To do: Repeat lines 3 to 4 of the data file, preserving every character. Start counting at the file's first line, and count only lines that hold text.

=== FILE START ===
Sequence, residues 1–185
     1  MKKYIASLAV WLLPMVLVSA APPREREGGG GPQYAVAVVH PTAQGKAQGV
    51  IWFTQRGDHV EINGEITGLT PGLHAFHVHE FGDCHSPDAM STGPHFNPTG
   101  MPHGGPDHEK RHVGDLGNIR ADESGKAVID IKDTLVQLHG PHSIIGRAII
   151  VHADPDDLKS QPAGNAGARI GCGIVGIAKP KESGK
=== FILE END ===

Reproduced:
    51  IWFTQRGDHV EINGEITGLT PGLHAFHVHE FGDCHSPDAM STGPHFNPTG
   101  MPHGGPDHEK RHVGDLGNIR ADESGKAVID IKDTLVQLHG PHSIIGRAII